April 2015: Journal of Speech, Language, and Hearing Research: JSLHR
Fiona J Duff, Gurpreet Reen, Kim Plunkett, Kate Nation
BACKGROUND: Strong associations between infant vocabulary and school-age language and literacy skills would have important practical and theoretical implications: Preschool assessment of vocabulary skills could be used to identify children at risk of reading and language difficulties, and vocabulary could be viewed as a cognitive foundation for reading. However, evidence to date suggests predictive ability from infant vocabulary to later language and literacy is low. This study provides an investigation into, and interpretation of, the magnitude of such infant to school-age relationships...
August 2015: Journal of Child Psychology and Psychiatry, and Allied Disciplines
Stephan Getzmann, Jörg Lewald, Michael Falkenstein
Speech understanding in complex and dynamic listening environments requires (a) auditory scene analysis, namely auditory object formation and segregation, and (b) allocation of the attentional focus to the talker of interest. There is evidence that pre-information is actively used to facilitate these two aspects of the so-called "cocktail-party" problem. Here, a simulated multi-talker scenario was combined with electroencephalography to study scene analysis and allocation of attention in young and middle-aged adults...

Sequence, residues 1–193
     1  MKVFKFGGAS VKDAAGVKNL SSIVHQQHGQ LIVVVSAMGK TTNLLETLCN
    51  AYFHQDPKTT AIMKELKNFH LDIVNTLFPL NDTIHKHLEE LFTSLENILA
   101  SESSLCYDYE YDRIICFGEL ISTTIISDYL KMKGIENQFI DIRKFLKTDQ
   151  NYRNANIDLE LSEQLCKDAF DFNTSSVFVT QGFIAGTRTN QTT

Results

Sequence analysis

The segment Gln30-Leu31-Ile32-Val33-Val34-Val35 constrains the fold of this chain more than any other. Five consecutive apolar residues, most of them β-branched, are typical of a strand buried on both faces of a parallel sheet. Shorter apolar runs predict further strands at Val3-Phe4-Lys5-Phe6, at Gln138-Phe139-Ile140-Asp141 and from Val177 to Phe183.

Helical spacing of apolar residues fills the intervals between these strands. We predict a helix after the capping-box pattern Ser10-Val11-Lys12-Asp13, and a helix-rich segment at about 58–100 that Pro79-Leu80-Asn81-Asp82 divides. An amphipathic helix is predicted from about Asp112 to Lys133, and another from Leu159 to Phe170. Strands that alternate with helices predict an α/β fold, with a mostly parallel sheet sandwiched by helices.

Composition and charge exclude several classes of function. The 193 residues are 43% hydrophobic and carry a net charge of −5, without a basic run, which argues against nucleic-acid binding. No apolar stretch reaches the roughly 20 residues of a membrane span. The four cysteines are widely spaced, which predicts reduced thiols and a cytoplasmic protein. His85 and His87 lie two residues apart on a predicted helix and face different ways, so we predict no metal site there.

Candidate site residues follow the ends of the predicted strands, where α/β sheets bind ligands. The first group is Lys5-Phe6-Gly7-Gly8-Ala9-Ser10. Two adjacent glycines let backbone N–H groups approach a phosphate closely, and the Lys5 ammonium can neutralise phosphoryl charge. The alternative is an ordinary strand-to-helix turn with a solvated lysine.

2014: Frontiers in Neuroscience
Kakia Petinou, George Spanoudis
OBJECTIVES: The present study focused on examining the continuity and directionality of language skills in late talkers (LTs) and identifying factors which might contribute to language outcomes at the age of 3 years. METHODS: Subjects were 23 Cypriot-Greek-speaking toddlers classified as LTs and 24 age-matched typically developing peers (TDs). Participants were assessed at 28, 32 and 36 months, using various linguistic measures such as size of receptive and expressive vocabulary, mean length of utterance (MLU) of words and number of consonants produced...
2014: Folia Phoniatrica et Logopaedica
Fetch more papers »
Fetching more papers... Fetching...
Read by QxMD. Sign in or create an account to discover new knowledge that matter to you.
Remove bar
Read by QxMD icon Read

Search Tips

Use Boolean operators: AND/OR

diabetic AND foot
diabetes OR diabetic

Exclude a word using the 'minus' sign

Virchow -triad

Use Parentheses

water AND (cup OR glass)

Add an asterisk (*) at end of a word to include word stems

Neuro* will search for Neurology, Neuroscientist, Neurological, and so on

Use quotes to search for an exact phrase

"primary prevention of cancer"
(heart or cardiac or cardio*) AND arrest -"American Heart Association"